Users inside that nefarious community only needed a single photograph of their victim.
After their clothes were digitally removed and their naked bodies regenerated, images of the women were then shared amongst a massive user base on the encrypted messaging app Telegram.
Amsterdam-based Sensity chief executive Giorgio Patrini said this kind of deepfake nude threat against everyday people will only “intensify” in the future and likely play out in a number of disturbing ways, with financial and privacy implications.
“It’s so easy,” Mr Patrini said of the ecosystem his firm discovered, “and it only required one image, so any one of us may be attacked.”
“We had never seen this kind of technology before, this kind of accessibility and usability anywhere on the Internet,” Mr Patrini said.
Deepfakes have always been the domain of skilled practitioners, who use and manipulate countless hours of video and hundreds of photos to generate increasingly difficult to spot fakes.
In recent times, deepfakes of Tom Cruise, Arnold Schwarzenegger, Jim Carrey and other celebrities have both dazzled and confused with their incredible likeness of the actual person.
Experts, too, have expressed concern that deepfakes of politicians will in the future be a nefarious tool used to destabilise elections and spread fake news and propaganda.
But Mr Patrini was “shocked” by new technology and pioneering bots which were now moving deepfake capability into the hands of total amateurs.
“No technical skills, inexpensive, very easy to use,” Mr Patrini said.
Users of the deepfake bot he discovered submitted just one image of a woman and “let the bot do its job”.
Mr Patrini acknowledged the quality of the end photos was generally poor and not always convincing. But he said realistic results were possible when the woman photographed was wearing a swimsuit, and cautioned that focusing on the quality or otherwise of the fake was missing the point.
“The quality of the deepfakes is just going to get better and better,” he said.
“This application learns to regenerate the parts of the body that were covered by clothes, but only if the woman was in a particular position or was semi-naked. So this was a limitation.
“But do you care if a picture is maybe pixelated but it is still generating your breasts and is spread online?
“It is still a very tough psychological attack on you and it is publicly shaming you, regardless of the quality.”
Mr Patrini said as deepfake tools became more accessible and improved, scammers would inevitably seize on the opportunity to extort bitcoin or money from a victim, by creating a deepfake nude of a victim and threatening to share it online.
His blunt message to anyone on social media is that scammers or anyone looking to inflict reputational damage can “abuse our online content and turn it against us”.
A cache of personal photos and videos on Facebook, Instagram and TikTok make for easy pickings if privacy settings are left wide open, he said.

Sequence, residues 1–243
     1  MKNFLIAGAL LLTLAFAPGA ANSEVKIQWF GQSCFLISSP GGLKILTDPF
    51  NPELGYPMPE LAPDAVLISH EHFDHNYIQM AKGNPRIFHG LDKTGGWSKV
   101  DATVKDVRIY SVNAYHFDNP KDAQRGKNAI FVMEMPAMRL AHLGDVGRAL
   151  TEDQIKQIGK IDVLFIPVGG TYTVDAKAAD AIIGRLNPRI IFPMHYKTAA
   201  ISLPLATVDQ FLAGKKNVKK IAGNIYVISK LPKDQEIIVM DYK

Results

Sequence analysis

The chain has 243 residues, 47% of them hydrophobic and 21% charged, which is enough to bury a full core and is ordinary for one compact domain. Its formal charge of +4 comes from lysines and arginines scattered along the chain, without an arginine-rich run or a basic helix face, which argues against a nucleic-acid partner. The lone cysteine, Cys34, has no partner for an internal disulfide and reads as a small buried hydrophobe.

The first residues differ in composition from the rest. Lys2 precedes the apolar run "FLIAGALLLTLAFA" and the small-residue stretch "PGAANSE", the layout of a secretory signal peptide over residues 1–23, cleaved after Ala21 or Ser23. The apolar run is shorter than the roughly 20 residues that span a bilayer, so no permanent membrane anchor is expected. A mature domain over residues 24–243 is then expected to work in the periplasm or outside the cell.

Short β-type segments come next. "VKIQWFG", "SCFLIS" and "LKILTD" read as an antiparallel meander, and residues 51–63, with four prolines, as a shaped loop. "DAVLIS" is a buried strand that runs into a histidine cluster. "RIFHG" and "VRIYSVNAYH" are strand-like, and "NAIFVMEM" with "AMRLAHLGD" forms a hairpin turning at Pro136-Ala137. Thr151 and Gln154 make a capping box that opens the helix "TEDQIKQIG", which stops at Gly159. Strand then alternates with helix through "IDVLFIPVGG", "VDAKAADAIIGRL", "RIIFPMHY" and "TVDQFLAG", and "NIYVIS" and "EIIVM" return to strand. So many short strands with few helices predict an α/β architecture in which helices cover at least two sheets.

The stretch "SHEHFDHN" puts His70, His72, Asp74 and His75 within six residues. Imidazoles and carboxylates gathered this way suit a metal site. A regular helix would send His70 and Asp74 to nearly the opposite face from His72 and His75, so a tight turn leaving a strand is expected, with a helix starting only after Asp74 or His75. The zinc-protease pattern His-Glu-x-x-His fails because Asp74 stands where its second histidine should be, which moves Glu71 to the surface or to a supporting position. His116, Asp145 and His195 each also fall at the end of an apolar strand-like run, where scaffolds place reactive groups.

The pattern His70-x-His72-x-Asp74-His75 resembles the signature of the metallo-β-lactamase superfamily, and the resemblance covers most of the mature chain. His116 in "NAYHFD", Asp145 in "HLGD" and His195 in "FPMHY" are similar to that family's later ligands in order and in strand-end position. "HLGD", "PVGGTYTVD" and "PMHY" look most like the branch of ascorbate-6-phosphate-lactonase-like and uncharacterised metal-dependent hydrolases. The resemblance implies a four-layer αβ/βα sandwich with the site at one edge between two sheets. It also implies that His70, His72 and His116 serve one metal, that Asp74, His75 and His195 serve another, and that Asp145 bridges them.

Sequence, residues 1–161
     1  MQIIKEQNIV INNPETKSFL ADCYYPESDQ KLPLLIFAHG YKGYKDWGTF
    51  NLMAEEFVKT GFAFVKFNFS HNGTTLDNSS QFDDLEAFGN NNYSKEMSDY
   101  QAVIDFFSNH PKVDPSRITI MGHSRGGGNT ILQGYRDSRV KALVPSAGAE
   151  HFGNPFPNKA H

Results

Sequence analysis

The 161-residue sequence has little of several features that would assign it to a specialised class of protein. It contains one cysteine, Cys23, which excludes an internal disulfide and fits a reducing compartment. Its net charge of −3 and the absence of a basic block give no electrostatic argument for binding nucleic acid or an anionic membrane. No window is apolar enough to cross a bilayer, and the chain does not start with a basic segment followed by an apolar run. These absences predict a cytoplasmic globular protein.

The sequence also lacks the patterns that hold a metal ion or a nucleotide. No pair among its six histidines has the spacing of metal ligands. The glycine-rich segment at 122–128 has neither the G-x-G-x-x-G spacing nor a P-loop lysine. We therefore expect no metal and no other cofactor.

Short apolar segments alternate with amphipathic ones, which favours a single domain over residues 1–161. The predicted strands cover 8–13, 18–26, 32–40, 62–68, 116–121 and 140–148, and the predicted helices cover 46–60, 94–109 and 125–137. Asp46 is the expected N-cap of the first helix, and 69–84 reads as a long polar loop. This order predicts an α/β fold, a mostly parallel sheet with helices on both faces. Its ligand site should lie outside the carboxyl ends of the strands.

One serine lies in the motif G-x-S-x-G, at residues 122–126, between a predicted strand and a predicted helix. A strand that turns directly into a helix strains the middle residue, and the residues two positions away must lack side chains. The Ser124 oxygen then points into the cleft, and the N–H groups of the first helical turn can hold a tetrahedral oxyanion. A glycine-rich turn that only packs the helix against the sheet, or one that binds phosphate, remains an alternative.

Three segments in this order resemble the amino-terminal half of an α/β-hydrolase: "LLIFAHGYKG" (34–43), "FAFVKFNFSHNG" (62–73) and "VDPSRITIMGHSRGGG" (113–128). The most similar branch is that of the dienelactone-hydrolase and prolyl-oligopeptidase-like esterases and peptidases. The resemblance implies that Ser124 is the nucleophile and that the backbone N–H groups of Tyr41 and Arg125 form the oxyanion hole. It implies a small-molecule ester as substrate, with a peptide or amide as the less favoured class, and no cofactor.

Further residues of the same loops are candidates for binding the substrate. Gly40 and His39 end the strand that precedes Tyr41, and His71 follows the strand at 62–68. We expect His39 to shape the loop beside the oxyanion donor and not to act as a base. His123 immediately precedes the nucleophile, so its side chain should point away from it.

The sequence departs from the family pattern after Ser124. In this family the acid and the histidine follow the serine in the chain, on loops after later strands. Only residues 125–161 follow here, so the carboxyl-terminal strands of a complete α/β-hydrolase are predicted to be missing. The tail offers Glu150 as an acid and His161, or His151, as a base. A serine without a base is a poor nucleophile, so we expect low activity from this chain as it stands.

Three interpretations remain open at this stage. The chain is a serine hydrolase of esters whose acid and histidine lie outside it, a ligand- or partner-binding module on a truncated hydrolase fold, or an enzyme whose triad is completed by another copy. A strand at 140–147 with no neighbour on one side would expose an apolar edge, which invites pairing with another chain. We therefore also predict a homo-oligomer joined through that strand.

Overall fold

Romance scams could go next-level
Sean Duca, the Asia-Pacific regional chief security officer with cyber security firm Palo Alto Networks, has no doubt the emergence of deepfake technology has the potential to wreak havoc for individuals and nation states.
“We believe what we see with our own eyes,” Mr Duca said.
The Sydney-based security expert said deepfakes will significantly amplify the risk of romance scams.
Last month alone, Australians were stripped of $1.9 million by romance scammers.
Typically, romance scams involve grooming of a victim, often someone older and single, over email or digital platforms to squeeze money from them once a connection is established.
“Now add video quality where someone looks like a legitimate person,” Mr Duca said, “a good-looking guy or girl.”
Deepfake apps which are capable of transposing someone else’s face on top of yours during online video calls would erase any doubts in a victim’s mind, he said.
“You could go through conversations and work up levels of trust with people … all of a sudden a hook comes into it, a financial request.”
Workplaces and in particular employees responsible for company finances will also be a target, Mr Duca said.
The shift to virtual conferences and remote working opens up opportunities for hackers who work tirelessly to gain backdoor entries into a corporation’s IT network.
Taking a video call from your boss may not be what it seems, Mr Duca said.
“All of a sudden you’ve got the boss sitting there telling you to do something,” he said, like transferring funds to pay a client or company who doesn’t exist.
“Deepfake software is going to get better and better and we are going to see advancements in AI.
“The big thing is how we develop ways to detect this.”
Biometric fraud, banking and government
Wherever the money is, criminal networks are striving to be one step ahead of law enforcement.
Mr Patrini said biometric fraud, once thought impenetrable, is now at risk.
In the future, Mr Patrini said, government departments will increasingly seek to interact with us remotely and through video calls.
“So (for the government) it’s about identification, identifying people and authenticating them remotely online.
“Something we are working on at the moment is understanding the vulnerability of governments and banking to the threat of the face.”
He said “having faces swapped in real time” over a webcam is a “potential catastrophic threat” for the financial system.
Mr Patrini said he hadn’t detected that kind of deepfake, AI capability – yet.
“It requires some sophistication. But again, there is so much at stake, because you could move so much money, there is so much financial incentive that we believe it’s just a matter of time that somebody is going to do it,” he said.
“We are just at the beginning.”
Nine.com.au contacted Telegram for comment.